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Whilst D’Angelo’s R&B stylings weren’t exactly traditional, or even reflected the popular sounds of the time, Kelela makes him sound positively contemporary in comparison.

Indeed, on her debut release she takes the Contemporary R&B rule book and throws it right out of the window. In fact, one could argue that she barely gave the damn thing a passing glance before she hurled into the street.

Kelela’s music occupies far more esoteric, darker territory. Yes, there might be hints of 90s R&B in her vocals but it’s merely a nod to the past because what she does on Cut 4 Me is something altogether different.

Assembling 9 producers for this record must have been no mean feat, but it sounds pretty well strung together. The dark, creepy, empty (in a good way) beats place her firmly in more experimental territory, producing a feel which is more akin to Frank Ocean than Alicia Keys.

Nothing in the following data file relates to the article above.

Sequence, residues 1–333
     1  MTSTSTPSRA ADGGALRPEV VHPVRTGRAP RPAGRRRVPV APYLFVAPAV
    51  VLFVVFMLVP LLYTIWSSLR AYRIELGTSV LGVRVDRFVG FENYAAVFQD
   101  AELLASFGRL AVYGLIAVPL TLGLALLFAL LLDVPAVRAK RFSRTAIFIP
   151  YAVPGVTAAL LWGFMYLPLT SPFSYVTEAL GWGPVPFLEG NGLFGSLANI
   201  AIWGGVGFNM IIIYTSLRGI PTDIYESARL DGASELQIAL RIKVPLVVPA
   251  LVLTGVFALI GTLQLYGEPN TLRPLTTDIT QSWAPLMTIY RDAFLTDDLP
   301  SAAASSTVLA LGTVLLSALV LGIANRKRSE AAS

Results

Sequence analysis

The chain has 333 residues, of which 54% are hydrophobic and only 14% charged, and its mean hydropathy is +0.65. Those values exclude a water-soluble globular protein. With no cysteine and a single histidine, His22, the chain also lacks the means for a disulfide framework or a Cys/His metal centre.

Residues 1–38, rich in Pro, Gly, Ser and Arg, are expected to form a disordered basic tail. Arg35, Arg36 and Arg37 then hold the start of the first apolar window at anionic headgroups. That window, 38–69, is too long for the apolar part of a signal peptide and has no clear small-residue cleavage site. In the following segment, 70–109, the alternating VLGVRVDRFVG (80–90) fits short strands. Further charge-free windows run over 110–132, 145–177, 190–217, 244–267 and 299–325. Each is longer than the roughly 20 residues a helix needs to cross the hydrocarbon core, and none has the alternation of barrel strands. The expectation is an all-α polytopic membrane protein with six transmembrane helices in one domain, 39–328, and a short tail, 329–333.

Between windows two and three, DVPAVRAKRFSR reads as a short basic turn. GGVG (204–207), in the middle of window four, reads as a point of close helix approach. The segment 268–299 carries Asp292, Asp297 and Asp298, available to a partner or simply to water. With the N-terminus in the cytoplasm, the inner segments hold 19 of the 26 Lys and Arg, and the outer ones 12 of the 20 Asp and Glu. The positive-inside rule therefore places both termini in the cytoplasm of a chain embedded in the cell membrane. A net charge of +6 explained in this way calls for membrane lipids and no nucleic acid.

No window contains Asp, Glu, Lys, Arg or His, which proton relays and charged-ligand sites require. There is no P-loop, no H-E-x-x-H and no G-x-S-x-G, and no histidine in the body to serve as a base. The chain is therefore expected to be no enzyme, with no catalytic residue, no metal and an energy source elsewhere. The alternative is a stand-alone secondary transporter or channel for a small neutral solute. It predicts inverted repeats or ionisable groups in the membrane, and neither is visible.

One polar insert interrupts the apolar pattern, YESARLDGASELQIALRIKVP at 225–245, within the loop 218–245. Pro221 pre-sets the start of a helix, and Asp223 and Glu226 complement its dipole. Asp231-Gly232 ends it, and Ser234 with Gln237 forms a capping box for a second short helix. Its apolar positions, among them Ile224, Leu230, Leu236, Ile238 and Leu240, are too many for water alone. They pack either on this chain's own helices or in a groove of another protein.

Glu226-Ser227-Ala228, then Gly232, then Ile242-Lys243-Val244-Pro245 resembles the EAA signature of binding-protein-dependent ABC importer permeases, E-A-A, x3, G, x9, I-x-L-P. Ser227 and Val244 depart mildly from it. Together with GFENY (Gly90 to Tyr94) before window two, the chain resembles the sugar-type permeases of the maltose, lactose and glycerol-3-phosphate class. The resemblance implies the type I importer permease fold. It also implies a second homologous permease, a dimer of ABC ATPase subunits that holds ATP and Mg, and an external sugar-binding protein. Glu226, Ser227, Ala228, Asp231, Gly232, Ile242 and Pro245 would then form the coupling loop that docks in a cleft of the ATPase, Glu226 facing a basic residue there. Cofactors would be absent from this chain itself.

On this record she’s bringing in influences of bass, electro, grime and techno, completely shredding the blueprint for what R&B can or should be in the process. Many reviews called it “future R&B” and if you’re even remotely aware of the genre and its trapping, you’d be hard pressed to argue otherwise.

Some of the people on this podcast are not at all remotely aware of the trappings of this genre, so when Weaver brings it to the table it has somewhat of a mixed reception. A die hard Kelela fan, he presents it for inclusion in the discography not just because he loves or because of the way it stands out and makes you think, but also because this record seems to have influenced, and continues influence, other alternative R&B artists, many of whom are mentioned in this episode.

Along the way we discuss how more black artists are gaining prominence in alternative music circles, Chris devices a music game for you fans, and we unveil a new nexus.

What do you think - should it be added into our discography? Vote below.

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